Once More with Feeling
As I mentioned some time ago, I spent a few days in September at the Close to Home workshop, taught by Stuart Sipahigil and Ray Ketcham in Port Townsend, Washington. Since then, I’ve been working on a guest post for Sabrina Henry’s blog that discusses the workshop’s big, third assignment. I’m finally done and it should be posted shortly [it’s been posted now]. Here I’d like to elaborate on the first exercise.
The overall point of the workshop was to learn to see photographic opportunities in our apparently ordinary surroundings, all that stuff we’re so familiar with that we ignore. Of the three assignments, the first was perhaps the most directly tied to that goal. First thing in the morning, Stuart and Ray dropped us each off in a random-seeming place in Port Townsend. We were to spend an hour in that spot and then submit one photo for review that afternoon. We all more or less independently decided that “stay in one spot” meant that we could pivot on one foot as in basketball, but nothing more. The goal, obviously, was to make lemonade from whatever lemons we found around us.
I was left at the mouth of an alley between a coffee shop and an art gallery. I tried various ideas. The alley, of course, and the walls of the buildings around it. A trash can rolling in the gusty breeze. Telephone poles and trees and storefronts across the street. The coffee shop’s sign was swinging in the breeze, and of the nine exposures I made of it, I liked the one I show here enough to choose it for submission. I think it’s a fun, jazzy photo, and it was well received in the review.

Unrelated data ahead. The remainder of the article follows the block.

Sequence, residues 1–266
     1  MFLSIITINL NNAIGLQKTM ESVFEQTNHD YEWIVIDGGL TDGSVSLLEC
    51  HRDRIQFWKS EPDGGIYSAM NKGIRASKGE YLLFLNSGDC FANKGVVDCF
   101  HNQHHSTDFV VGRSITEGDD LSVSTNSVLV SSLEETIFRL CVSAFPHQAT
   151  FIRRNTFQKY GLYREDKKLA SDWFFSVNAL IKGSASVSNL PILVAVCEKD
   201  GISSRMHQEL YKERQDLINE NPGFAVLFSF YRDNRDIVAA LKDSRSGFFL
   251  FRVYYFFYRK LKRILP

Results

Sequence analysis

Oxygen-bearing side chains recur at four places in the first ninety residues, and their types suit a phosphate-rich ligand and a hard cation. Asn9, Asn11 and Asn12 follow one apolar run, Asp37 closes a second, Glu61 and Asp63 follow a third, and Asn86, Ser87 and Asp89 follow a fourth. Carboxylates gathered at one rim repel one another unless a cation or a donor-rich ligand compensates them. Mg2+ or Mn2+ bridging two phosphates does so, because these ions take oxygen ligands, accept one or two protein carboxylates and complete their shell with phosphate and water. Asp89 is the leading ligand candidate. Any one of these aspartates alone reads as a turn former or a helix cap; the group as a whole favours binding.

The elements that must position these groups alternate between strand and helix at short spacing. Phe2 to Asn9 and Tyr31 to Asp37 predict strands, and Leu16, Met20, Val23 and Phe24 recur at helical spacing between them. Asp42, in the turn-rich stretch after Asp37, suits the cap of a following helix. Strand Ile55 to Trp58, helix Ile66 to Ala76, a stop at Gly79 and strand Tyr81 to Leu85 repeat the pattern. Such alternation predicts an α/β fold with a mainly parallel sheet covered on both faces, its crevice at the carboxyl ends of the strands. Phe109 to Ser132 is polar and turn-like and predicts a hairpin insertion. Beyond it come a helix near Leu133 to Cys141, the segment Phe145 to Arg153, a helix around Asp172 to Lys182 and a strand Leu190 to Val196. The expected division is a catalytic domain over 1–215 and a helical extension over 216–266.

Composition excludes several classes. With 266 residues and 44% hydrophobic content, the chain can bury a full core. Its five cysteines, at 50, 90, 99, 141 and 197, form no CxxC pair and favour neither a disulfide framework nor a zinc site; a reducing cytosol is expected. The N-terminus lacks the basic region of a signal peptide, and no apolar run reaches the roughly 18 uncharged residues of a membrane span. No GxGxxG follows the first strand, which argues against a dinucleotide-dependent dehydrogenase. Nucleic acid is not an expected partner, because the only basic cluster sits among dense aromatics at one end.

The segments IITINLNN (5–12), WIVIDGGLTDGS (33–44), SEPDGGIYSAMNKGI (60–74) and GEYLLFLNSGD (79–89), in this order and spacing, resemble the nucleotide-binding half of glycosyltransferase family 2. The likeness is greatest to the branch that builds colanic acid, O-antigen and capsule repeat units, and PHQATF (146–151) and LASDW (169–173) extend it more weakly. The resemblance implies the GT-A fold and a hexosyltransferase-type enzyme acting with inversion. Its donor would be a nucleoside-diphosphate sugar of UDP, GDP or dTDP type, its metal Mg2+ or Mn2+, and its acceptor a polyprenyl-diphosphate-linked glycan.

I wasn’t completely satisfied, however. Something I really want is to make photographs that have more feeling, that come from a deeper and more personal reaction to the world. While I like this photo, it doesn’t have much depth for me. Heck, I don’t even drink coffee. In my guest post for Sabrina I talk about how this motivated me in the other exercises, and I’m planning another post here that elaborates on the second exercise. Now, however, I’d like to show another photo from the alley, one that I didn’t share then.
I overlooked this in the rush to prepare the results of the two morning exercises for the afternoon review. I found it when I got home and had more time. It has more feeling for me than the coffee-shop sign. Something about that little chimney cap looks isolated and lonely against the big, empty sky. I don’t remember that I saw that at the time, but I see it now, and I processed the photo to bring it out (mostly by making things darker, and, obviously, black and white). I don’t think it’s a great photo, but I do think it’s kind of sweet, and closer to my photographic goals.
P.S. The women from the art gallery were fascinated with me, standing in their alley with my tripod, especially when I asked one of them to leave their trash can out rolling in the wind so I could keep photographing it. One came out later and saw me still in my spot. “Do you specialize in alleys?!?” she asked. I explained the assignment, and near the end of my hour all three came out to say hello and goodbye.